Starting off with a little history, the Houston Ship Channel, all 50 miles of it, was begun in 1875 and not really completed until 1914. In the late 1990’s and early 2000’s it was widened to over 500 feet, with a depth of 45. Even for Texas, it is an engineering feat!
The month of August is probably the hottest one along the upper Texas coast with the water in the shallow bays, East and West Galveston Bay and Christmas Bay, heating up to the mid 80’s causing the big trout and redfish to seek cooler water. The cooler water we were heading out to this mid August morning in 1968 was along the Houston Ship Channel. The weather forecast was good light winds with the tide coming in, scattered thunder storms, in the afternoon, but our plan was to finish up by lunch, so we didn’t anticipate any bad weather or problems.
In my 17 foot, deep vee, pictured above, we, my dad and uncle, Alvin Pyland, better known as Unkie, launched at the bait camp at San Leon and made the short run out to the ship channel. We went about 200 yards on the Smith’s Point side of the ship channel and started our drift.
Our tackle was 6-1/2 foot popping rods, red, Ambassaduer reels filled with 15 pound, mono line. We used a popping cork with a 3, foot, leader, a light weight and a small treble hook. Our bait was live shrimp. We’d cast out, pop the cork, reel up the slack, repeat the process until we either had a strike or we retrieved the rig back to the boat, then, if no hit, cast back out and repeat the process.
Unkie and Dad cast out and hadn’t made one or two “pops” when they both had big strikes, both fish were good ones, taking line and circling the boat, a sure sign of a big trout! Netting Unkies fish first, a real nice 5 pounder, my dad’s fish put on a show around the boat for us and we could see that is was a little bigger than Unkies. Finally I cast out, popped the cork once and “bam” had a big strike. A 20, yard, first run, highlighted this fight, along with two circles of the boat, with a lot of wallows on top before Dad slipped the net under the spec, a twin of his.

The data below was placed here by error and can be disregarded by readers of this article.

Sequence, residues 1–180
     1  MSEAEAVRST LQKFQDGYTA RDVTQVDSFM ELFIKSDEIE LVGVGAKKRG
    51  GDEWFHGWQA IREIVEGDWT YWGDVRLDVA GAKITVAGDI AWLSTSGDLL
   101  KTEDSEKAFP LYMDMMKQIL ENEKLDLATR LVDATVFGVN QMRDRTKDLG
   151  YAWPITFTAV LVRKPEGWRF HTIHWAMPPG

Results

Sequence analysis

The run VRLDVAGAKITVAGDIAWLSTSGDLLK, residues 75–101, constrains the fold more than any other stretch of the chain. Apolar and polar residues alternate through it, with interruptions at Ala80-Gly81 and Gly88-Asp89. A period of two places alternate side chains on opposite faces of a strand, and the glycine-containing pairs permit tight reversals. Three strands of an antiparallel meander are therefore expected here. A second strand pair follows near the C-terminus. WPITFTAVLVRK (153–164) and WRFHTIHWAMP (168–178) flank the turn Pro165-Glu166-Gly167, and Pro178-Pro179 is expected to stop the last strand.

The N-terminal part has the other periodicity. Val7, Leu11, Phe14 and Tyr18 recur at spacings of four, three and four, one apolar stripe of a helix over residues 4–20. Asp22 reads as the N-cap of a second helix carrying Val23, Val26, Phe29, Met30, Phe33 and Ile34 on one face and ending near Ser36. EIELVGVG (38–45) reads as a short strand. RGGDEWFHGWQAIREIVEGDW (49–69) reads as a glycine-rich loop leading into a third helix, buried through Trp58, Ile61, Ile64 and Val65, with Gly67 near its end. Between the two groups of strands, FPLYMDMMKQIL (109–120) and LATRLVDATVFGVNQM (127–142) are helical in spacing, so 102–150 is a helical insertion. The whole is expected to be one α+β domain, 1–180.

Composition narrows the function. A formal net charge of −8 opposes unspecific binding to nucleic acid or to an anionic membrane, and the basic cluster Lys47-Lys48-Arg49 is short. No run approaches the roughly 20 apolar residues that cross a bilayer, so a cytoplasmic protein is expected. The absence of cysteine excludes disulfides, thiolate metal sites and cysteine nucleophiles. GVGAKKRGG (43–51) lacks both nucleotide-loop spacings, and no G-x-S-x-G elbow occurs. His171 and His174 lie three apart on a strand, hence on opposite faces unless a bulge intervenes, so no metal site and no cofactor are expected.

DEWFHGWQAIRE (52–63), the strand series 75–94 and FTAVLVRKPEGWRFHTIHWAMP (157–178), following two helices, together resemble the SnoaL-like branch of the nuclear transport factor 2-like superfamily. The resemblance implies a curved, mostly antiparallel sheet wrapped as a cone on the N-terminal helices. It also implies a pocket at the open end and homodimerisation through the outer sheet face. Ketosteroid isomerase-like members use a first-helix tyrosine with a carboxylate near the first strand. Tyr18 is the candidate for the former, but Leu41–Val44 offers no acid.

We were probably 15 or 20 miles up from the mouth of the Houston Ship Channel, the Galveston Jetties, and in the distance, south of us, the morning’s first big tanker was heading our way. My dad said, “Boy, you’ve never seen the wake these big ships throw up, have you?” “What wakes?” was my answer, then Unkie chimed in, “Six or 7 footers, that’s what and we’d better get everything in the boat squared away!” This got my attention quick. We quit fishing and knowing that if you’re in heavy seas, you head into them and don’t get caught broad side, I started the engine and here the came the wake.
Looking at the wake, it came toward us, obliquely, in a long line, soon it was only 50 feet from us then, here it was! The deep vee in my boat’s hull cut smoothly through the 7, foot wake, rode up and down it and it would have swamped us if we’d been broadside to.